In Aberdeenshire, Aberdeen and Moray, a number of steps have been taken to improve safety, and Transport Scotland—Mr Beaty is not its greatest fan—has produced guidance for our 32 local authorities on how they can help to improve road transport safety. SeeMe technology has been trialled in Aberdeenshire. It causes flashing lights to switch on at bus stops as they detect people approaching the stop who are carrying a transponder. After it was established that there was no legal impediment to doing so, much larger school bus signage has been used. Aberdeenshire Council has made it a condition of school bus contracts that the signage must come off when the bus ain’t carrying school students.

Progress has therefore been made and lots of good things have been done by people of good heart.

Liam McArthur (Orkney Islands) (LD): I am grateful to Stewart Stevenson for bringing this important issue to the chamber. He is right to point to its being an issue across the country. Councillor Andrew Drever, who is one of the most tenacious campaigners on the issue in my constituency, has put forward the suggestion of banning the overtaking of stationary school buses. Has Stewart Stevenson been aware of that as a campaign strategy? What are his views on the efficacy of that?

Stewart Stevenson: I was not aware of Councillor Andrew Drever’s initiative specifically, although I have heard that suggestion in other places, and it is certainly worth considering. It is not, of course, within our gift in the Parliament to legislate to do that, but I will return to that subject a little later in my remarks with another suggestion that might have that effect.

With a greater focus on school transport safety in the north-east in particular, we have not seen a repeat of the string of very serious injuries that occurred a few years ago. Policy and practice changes may have contributed to that; or the very bad winters that closed down schools and, therefore, school transport and the comparatively mild winters, which reduced weather risks, may have been significant factors.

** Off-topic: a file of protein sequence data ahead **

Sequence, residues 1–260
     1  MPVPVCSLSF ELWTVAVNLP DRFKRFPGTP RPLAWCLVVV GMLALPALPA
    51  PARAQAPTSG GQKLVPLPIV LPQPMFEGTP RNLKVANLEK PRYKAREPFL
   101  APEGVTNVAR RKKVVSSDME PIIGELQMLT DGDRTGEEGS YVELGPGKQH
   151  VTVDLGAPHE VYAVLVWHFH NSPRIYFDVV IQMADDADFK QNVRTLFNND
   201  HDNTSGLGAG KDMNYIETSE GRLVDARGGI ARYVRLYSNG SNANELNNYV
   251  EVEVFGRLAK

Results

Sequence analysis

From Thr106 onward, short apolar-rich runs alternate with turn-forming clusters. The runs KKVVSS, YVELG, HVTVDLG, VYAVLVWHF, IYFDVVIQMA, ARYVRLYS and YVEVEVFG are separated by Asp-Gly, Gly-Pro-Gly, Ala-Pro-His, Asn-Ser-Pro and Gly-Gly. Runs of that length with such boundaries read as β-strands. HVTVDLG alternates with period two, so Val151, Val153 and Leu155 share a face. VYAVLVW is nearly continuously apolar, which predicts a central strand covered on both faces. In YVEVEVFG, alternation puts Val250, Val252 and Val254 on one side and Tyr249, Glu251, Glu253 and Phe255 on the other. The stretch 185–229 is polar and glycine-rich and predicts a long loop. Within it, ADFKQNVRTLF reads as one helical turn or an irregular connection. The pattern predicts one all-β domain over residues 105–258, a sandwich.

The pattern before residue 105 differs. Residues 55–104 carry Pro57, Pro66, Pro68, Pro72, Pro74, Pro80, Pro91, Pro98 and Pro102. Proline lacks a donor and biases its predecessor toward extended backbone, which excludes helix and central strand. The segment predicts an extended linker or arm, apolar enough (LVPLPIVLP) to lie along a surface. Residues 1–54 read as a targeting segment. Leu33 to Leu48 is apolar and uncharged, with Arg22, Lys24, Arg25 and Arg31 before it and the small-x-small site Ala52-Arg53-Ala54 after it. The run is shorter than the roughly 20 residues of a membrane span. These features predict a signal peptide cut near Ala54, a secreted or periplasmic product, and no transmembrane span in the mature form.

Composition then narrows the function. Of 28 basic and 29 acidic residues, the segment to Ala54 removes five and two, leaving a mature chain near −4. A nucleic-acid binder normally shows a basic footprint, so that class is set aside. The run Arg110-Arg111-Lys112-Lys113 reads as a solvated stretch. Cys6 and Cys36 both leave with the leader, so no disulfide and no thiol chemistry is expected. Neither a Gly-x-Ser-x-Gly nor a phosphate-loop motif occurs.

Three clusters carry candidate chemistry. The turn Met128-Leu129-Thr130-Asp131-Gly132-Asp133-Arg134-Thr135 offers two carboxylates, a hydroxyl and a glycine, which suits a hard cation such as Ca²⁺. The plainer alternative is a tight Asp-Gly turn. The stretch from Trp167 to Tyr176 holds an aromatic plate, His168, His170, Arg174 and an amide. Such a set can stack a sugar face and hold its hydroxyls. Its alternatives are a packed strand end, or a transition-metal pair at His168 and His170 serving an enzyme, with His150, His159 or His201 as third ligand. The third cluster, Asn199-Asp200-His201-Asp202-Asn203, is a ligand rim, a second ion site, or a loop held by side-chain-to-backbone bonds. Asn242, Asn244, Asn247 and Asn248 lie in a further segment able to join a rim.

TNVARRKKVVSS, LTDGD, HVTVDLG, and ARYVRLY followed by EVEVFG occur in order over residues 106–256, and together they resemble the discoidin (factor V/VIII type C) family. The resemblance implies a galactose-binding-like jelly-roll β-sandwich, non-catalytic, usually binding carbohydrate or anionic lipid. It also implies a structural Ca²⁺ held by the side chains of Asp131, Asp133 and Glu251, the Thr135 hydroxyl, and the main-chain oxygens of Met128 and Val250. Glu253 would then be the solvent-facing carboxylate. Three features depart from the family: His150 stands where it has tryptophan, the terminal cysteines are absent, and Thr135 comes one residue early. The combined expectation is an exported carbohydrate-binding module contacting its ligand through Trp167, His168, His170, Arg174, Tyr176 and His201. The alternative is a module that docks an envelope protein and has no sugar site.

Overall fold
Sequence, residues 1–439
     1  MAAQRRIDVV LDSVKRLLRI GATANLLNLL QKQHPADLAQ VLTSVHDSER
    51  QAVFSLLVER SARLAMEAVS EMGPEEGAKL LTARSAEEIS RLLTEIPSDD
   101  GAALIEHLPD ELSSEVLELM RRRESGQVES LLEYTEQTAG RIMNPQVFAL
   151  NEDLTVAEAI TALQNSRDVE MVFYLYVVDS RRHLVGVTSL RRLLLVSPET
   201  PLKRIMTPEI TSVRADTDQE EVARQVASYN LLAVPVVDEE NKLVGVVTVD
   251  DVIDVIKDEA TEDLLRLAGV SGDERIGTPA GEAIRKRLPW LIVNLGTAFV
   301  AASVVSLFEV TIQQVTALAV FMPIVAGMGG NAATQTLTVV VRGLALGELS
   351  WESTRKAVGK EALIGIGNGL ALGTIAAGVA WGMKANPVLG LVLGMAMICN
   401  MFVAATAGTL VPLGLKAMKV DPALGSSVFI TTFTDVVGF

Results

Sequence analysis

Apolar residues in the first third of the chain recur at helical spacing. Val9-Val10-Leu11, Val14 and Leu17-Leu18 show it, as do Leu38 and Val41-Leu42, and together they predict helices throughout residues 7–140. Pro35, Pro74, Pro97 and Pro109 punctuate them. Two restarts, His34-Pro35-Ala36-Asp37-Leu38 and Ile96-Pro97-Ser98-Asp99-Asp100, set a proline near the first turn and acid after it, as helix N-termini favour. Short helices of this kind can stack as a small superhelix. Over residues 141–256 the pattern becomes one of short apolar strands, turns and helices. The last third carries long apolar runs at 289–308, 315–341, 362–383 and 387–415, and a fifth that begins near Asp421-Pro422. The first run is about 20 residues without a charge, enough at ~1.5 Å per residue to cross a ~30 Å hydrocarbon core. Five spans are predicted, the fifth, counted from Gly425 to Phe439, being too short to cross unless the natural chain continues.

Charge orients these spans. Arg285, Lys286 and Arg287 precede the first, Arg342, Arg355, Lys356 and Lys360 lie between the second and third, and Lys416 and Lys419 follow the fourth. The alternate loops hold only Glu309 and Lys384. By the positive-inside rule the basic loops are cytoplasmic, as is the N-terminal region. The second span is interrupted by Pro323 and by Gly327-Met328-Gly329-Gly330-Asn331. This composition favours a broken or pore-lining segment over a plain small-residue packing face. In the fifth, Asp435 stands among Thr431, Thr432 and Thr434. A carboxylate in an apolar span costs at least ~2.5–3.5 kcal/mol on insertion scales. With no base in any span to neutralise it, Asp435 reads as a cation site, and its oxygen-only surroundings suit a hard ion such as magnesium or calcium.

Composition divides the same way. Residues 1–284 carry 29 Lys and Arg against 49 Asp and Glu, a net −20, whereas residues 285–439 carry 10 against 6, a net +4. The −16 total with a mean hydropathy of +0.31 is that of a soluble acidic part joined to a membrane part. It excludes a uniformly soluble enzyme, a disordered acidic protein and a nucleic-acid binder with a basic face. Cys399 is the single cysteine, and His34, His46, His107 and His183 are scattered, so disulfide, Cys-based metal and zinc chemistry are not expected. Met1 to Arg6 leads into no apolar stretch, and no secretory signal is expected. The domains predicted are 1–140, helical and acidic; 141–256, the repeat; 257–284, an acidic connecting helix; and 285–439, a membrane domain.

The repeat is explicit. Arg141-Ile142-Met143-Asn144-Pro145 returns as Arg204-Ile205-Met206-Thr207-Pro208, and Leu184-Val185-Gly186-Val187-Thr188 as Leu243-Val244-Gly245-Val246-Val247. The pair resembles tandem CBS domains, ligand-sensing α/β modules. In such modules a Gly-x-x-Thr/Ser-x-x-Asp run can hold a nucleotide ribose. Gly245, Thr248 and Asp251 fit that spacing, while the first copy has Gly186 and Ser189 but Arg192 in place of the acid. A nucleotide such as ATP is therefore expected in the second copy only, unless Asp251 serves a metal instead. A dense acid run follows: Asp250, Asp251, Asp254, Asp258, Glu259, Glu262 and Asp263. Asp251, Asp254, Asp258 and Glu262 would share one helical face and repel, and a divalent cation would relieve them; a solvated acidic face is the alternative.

Either way, the questions are: is there more that we can reasonably do and do we know what to do? The answer to both questions really ought to be yes.

Perhaps the most important thing that the north-east experience tells the rest of Scotland is that the costs of addressing the issue are between nil and trivial. It just takes an increased focus on the issue. Therefore, we can and must do more, but what should we do?

We can put requirements into school bus contracts. I do not necessarily mean the existing contracts—it always costs a lot to change a contract—but certainly the new ones, which tend to be on a three-year cycle. We can make contractors provide better signage—not behind the bus window but outside the bus—and use it responsibly. We can also get drivers to use constant headlights when running and flashers when stopped.

We can do risk assessments and introduce 20mph speed limits where it will help. We can reconsider school travel plans and work with parents on bus routing, perhaps to arrange for pick-up and drop-off points to be at safer locations. They might need to be at different places in the morning and evening for individual kids because the bus might be coming from a different direction.

When I spoke in Alex Neil’s debate on school bus safety in November 2006—whatever else we can say about it, the issue is not new—I suggested that we could use bus signage that looked as if it were making a legal statement to other road users. We could have a big sign on the back of a bus saying “Don’t break the law” on line 1, “Don’t overtake this school bus” on line 3 and, on line 2, the word “please” in incredibly small print. That might give the effect of a legal request without the necessity of legislation. We never know.

Let us try to think of a few tricks that grab attention and make things happen. Let us innovate.

I congratulate Ron Beaty on his tenaciousness in keeping the issue alive. However, let us make sure that the actions of our Government and our councils mean that we keep youngsters alive so that Ron’s campaigning does not need to.